Considerable planning for the upcoming year…Health issue improving…

We had mozzarella balls stuffed meatballs with a sugar-free Italian seasoned tomato sauce with mushrooms for three nights, topped with grated mozzarella cheese and Parmesan cheese. There’s also one ball inside each meatball, along with one on each top. On the side, steamed veggies and salad.
“Sightings from the Veranda in Costa Rica”
A new visitor to the tree by the veranda. It’s a Rufous-naped Wren, a common bird species in Costa Rica.

The thought of spending a year in Africa beginning in February 2018 can be daunting considering the number of supplies we’ll need to bring with us, many of which cannot be found locally or shipped.

Also, there’s a risk of theft of imported packages and also the possibility of lengthy delays. We learned this when we spent almost a year in Africa in 2013/2014 when shipments took months instead of weeks to arrive, including requesting upgraded shipping.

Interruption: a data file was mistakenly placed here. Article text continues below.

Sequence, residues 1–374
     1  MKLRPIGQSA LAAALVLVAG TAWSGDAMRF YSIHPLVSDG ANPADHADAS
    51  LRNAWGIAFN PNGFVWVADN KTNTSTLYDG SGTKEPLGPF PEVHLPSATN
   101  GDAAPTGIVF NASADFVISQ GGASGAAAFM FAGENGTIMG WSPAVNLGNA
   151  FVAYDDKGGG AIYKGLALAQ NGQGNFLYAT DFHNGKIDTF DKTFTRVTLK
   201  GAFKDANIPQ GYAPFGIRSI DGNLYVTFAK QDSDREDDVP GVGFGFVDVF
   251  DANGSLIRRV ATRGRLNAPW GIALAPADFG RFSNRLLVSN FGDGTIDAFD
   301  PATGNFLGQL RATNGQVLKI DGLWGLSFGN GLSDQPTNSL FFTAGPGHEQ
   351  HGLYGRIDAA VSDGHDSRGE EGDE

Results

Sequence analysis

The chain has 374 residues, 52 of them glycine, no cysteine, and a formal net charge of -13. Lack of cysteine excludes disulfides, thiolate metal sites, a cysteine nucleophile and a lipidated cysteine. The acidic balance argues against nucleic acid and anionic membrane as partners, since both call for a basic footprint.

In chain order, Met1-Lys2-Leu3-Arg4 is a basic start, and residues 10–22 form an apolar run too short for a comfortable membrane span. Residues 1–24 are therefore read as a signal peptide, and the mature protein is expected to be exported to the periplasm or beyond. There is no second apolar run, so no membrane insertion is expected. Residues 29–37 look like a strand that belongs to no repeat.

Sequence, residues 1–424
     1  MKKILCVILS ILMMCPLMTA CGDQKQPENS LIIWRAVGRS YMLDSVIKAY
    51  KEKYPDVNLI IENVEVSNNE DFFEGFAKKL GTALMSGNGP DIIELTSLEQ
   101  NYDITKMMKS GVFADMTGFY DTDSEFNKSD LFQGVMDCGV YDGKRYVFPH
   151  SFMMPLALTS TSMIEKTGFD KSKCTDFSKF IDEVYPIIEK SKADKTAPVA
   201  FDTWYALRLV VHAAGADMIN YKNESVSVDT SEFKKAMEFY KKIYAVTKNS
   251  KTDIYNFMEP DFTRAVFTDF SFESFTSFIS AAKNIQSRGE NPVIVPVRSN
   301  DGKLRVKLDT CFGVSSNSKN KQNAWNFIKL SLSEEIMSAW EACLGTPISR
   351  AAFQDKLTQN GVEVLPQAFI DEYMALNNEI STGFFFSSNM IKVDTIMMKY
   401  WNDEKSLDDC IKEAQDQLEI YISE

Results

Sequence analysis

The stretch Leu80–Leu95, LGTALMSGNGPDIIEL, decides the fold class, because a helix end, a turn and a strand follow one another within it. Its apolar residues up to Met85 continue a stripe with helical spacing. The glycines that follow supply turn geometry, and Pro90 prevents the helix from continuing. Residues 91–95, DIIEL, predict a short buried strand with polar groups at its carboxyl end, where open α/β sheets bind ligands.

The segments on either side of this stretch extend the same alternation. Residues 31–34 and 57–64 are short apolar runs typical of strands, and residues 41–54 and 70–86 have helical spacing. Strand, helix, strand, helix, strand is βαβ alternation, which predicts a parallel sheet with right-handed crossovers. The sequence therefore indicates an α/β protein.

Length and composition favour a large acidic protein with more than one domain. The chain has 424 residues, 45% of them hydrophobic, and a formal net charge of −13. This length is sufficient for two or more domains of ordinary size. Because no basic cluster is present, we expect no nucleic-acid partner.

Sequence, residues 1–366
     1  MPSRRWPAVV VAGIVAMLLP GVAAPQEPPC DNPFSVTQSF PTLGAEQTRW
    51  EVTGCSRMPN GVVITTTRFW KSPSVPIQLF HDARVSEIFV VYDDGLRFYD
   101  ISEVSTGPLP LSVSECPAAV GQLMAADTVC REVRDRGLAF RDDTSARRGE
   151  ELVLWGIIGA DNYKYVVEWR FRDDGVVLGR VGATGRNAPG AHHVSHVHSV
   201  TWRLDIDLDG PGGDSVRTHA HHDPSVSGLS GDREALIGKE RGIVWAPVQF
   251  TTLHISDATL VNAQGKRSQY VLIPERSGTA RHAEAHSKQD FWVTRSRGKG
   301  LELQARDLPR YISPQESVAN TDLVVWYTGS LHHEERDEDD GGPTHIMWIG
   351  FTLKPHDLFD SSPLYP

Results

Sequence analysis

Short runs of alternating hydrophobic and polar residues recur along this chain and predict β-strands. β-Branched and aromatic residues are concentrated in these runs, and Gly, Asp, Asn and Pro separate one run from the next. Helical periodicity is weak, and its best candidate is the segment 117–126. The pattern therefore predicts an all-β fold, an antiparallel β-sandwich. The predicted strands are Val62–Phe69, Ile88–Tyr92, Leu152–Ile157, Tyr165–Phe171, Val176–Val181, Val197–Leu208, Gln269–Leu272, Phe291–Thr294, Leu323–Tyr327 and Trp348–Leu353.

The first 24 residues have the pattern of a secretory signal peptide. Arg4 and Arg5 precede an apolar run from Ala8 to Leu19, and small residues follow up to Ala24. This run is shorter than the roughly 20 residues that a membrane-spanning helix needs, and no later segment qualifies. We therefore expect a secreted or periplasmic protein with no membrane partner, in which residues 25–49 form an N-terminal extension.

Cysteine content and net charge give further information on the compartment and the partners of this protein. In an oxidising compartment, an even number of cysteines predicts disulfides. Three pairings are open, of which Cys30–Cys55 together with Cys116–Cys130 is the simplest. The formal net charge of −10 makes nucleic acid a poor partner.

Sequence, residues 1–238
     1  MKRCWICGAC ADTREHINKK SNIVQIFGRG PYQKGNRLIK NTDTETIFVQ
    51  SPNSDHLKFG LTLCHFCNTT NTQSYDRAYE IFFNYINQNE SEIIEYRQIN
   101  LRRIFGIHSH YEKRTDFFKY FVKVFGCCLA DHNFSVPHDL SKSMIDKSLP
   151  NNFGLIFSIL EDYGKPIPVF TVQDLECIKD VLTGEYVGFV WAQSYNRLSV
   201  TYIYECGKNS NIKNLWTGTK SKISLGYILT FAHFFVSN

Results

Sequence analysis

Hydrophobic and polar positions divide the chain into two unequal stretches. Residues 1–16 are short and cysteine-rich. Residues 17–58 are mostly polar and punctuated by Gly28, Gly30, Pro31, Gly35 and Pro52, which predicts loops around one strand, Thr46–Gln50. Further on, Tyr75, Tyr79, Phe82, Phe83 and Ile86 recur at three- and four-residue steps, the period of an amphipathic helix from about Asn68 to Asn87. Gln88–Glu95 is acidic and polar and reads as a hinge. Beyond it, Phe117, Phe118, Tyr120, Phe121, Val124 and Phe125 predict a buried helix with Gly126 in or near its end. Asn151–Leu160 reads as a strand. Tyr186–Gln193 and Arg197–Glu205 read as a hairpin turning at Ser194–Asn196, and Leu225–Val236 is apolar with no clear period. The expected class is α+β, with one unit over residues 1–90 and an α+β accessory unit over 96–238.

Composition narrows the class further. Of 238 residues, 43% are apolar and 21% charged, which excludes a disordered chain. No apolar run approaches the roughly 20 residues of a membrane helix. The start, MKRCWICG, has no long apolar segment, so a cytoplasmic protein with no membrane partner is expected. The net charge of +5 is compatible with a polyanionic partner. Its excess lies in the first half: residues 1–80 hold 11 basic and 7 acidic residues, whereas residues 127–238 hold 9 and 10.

Many streets in business districts are one way, and it’s tricky to spot the warning sign that says, “Do Not Enter,” No Play Paso in Spanish.

I take three low-dose prescriptions, none of which are available over the counter here in Costa Rica (as mentioned in an earlier post) with the brand or generics names for the dosages I need. Also, Costa Rica doesn’t allow the import of any prescriptions, supplements, or over-the-counter medications.  

Many countries throughout the world have McDonald’s.  We never eat there.

Subsequently, I recently placed an order for the maximum supply allowable in one specific order (a six-month supply) from ProgressiveRx. I’m awaiting the package’s arrival at our mailing service.

We couldn’t determine what type of store this may be.